The 20,000 to 30,000 soldiers of the 1st Armored Division and the 1st Infantry Division would not leave Germany before 2006, officials said. They would be replaced by a Stryker brigade of 3,000 to 5,000 troops.
That cut alone could reduce by more than 10% the roughly 227,000 troops permanently stationed overseas. There are 106,000 U.S. troops stationed in Europe.
Defense officials denied that the plan was designed to strike an economic blow at Western European nations, such as Germany, that opposed the Iraq war.
But Defense Secretary Donald H. Rumsfeld suggested that uneasiness of host nations such as Germany toward the war in Iraq played a role.
“There’ll be a shift from Germany and we’ve talked to the Germans about that and some numbers,” Rumsfeld told reporters Sunday on the way to Washington from Russia. “We want our forces where they’re wanted. We want our forces where we have the right kinds of legal arrangements ... and the like.”
Pentagon strategists, looking eastward for help, were expected to move some troops from what Rumsfeld has dubbed “Old Europe” to what he calls “New Europe” bases in former Soviet bloc nations Poland and Romania.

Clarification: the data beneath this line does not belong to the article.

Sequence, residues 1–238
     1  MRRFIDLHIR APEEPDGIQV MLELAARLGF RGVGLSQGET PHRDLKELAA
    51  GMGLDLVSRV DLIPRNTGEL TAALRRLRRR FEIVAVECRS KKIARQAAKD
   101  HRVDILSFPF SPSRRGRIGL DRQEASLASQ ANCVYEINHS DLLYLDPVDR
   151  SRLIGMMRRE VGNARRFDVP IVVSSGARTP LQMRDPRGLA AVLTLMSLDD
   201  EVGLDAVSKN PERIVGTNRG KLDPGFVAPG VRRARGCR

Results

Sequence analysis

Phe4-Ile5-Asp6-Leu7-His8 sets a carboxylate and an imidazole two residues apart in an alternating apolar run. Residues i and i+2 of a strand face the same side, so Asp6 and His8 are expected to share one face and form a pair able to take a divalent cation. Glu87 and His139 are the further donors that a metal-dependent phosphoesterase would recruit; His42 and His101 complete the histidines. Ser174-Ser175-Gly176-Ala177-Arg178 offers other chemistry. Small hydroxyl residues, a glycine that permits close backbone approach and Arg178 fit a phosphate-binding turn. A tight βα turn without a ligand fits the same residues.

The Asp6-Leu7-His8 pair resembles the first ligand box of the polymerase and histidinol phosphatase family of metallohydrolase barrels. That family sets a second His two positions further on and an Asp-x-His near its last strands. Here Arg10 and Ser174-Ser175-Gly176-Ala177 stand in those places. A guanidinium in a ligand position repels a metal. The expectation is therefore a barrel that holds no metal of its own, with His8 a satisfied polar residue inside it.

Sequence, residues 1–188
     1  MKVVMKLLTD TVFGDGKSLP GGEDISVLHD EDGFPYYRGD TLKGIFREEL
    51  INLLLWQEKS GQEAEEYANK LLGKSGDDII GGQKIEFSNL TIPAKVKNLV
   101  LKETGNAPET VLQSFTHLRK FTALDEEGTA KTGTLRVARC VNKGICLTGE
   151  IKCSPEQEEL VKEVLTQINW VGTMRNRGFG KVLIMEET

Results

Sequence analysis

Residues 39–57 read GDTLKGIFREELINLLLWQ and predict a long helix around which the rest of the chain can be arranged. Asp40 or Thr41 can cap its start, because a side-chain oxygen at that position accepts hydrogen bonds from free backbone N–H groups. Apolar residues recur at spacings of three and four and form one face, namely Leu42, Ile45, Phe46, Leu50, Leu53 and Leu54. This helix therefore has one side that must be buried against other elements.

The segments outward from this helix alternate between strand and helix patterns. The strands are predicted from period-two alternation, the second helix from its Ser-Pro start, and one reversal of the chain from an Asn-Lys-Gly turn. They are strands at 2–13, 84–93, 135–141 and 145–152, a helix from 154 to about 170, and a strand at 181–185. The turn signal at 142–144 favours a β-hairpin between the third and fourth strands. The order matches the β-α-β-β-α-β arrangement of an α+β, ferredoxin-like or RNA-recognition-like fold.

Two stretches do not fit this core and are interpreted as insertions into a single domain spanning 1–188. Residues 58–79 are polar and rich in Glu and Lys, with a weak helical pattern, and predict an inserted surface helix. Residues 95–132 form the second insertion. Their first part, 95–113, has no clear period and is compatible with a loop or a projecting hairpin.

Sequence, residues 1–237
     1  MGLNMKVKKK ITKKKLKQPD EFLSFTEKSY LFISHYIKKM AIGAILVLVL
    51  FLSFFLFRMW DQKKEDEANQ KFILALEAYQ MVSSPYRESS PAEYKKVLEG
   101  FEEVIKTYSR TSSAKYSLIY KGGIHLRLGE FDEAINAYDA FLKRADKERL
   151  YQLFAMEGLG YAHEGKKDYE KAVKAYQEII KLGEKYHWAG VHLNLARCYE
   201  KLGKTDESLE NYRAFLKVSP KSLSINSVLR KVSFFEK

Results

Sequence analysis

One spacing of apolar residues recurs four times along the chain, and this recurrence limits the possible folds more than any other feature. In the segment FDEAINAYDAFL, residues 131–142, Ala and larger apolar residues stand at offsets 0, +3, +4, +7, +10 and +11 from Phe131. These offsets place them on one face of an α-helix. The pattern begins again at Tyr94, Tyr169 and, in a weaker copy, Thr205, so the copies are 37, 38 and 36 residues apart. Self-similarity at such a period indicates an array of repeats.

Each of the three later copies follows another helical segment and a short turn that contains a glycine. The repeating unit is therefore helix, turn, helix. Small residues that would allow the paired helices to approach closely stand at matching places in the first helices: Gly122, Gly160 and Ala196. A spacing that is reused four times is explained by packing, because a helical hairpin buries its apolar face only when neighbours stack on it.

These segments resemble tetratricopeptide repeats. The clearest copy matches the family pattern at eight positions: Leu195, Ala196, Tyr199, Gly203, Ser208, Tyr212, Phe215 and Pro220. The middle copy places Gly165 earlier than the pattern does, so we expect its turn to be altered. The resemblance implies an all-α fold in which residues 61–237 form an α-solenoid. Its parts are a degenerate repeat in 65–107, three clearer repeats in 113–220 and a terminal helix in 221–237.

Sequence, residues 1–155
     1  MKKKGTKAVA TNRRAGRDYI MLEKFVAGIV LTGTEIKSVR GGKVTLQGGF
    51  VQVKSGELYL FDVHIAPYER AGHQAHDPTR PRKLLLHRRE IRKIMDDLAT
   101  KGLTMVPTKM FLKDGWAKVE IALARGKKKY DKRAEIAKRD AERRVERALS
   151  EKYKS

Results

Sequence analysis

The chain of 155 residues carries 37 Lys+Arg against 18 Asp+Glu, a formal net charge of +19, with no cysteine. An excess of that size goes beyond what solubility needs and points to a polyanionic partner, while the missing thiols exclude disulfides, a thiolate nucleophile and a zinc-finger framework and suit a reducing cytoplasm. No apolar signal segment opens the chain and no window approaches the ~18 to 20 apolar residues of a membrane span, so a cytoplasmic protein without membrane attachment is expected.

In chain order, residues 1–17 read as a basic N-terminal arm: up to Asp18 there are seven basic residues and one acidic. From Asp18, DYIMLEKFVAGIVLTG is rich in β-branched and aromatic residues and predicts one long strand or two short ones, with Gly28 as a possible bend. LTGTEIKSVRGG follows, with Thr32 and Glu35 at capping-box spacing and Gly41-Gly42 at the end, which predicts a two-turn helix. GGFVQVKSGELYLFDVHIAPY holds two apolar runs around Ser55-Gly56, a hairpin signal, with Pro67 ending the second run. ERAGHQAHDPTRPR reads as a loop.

The Pentagon also plans to rely more on temporary bases in such previously non-allied countries such as Uzbekistan and Kyrgyzstan, key partners in the war in neighboring Afghanistan.
“The new plan will help us fight and win these wars of the 21st century,” Bush said. “It will strengthen our alliances around the world, while we build new partnerships to better preserve the peace. It will reduce the stress on our troops and our military families.”
The president pledged that the U.S. would maintain “a significant presence overseas,” and he reiterated that the country would not abandon Iraq or Afghanistan.
But Kerry supporters speaking on the candidate’s behalf immediately attacked the move.
“This is another example of the administration’s unilateralism. It’s going to weaken our national security,” Richard C. Holbrooke, a Kerry foreign policy advisor and former U.N. ambassador under President Clinton, said on CNN. “It is not going to save us money. It will cost billions of dollars to bring these troops home.”
Retired Army Gen. Wesley K. Clark, also speaking for Kerry, said, “As we face a global war on terror with Al Qaeda active in more than 60 countries, now is not the time to pull back our forces.